ORDER BY ID DESC
If you have any errors, your output will be similar to below:
Error code: 21074: The subscriptions(s) have been marked inactive. If this occurs, you need to reinitialize the subscription. For beginners, you want to do this in SSMS. Expand Replication -> Local publications. Then either right click on the publication name and choose Reinitialize All Subscriptions or expand the publication and right click on the subscription you want to reinitialize and choose Reinitialize. This can also be done in replication monitor.
Error Code: 3729: Cannot DROP TABLE ‘dbo.X’ because it is being referenced by an object ‘vw_x’ (This occurs when a table you are trying to drop and recreate via reinitializing is schemabound to a view). This indexed view is getting in the way. In a non-production environment, I would script out the view and indexes, drop them, then fix replication and recreate the indexed view. If this happens in production, I’m open to suggestions. You wouldn’t normally want to drop and recreate an indexed view without having a solid understanding of the consequences.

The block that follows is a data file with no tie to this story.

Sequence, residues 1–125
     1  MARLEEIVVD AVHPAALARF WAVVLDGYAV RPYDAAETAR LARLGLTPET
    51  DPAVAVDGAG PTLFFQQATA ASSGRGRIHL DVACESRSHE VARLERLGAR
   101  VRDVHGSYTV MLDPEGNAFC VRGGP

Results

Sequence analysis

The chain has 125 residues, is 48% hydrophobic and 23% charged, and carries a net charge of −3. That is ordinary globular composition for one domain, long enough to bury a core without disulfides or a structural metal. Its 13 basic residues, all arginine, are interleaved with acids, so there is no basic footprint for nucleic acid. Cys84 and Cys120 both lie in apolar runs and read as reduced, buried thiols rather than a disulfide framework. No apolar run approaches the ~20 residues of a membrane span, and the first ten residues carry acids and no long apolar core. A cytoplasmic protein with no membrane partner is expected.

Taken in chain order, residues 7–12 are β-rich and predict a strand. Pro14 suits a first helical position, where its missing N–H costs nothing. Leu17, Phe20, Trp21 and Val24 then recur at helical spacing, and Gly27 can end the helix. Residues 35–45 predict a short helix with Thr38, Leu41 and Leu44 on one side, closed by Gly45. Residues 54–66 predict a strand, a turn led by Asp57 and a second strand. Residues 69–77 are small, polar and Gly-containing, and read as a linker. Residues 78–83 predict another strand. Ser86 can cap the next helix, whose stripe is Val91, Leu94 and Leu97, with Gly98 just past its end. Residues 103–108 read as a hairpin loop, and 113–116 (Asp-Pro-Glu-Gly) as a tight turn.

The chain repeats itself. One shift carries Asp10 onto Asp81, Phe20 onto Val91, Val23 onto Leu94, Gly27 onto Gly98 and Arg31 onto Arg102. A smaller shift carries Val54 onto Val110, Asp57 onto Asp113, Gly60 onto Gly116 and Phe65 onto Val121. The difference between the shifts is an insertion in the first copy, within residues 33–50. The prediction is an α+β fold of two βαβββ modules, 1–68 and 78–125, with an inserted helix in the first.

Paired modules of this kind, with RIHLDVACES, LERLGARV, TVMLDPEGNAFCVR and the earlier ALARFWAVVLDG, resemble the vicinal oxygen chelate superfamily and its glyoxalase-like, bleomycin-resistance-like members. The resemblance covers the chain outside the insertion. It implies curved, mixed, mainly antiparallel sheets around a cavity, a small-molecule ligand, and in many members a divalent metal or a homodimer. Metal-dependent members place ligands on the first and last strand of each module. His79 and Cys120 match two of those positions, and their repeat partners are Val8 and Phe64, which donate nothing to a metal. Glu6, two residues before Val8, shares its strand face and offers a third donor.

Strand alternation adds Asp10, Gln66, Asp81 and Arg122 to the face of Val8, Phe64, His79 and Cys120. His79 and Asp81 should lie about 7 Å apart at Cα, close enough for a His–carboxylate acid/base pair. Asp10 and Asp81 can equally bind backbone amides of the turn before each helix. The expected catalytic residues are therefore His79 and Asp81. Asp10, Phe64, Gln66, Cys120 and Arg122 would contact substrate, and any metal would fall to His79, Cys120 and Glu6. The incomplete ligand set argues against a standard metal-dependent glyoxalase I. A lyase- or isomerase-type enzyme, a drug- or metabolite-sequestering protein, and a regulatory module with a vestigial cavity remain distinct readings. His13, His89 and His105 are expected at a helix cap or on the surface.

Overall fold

Error Code: 1205: Message: Transaction (Process ID x) was deadlocked on lock resources with another process… (Here you have the deadlock victim – unable to complete because of the said deadlock). This is more likely when setting up replication during an environment refresh and can be easily sorted by reinitializing.
I can’t find a reliable list of all of these errors. If someone could provide one in the comments, I can edit the post.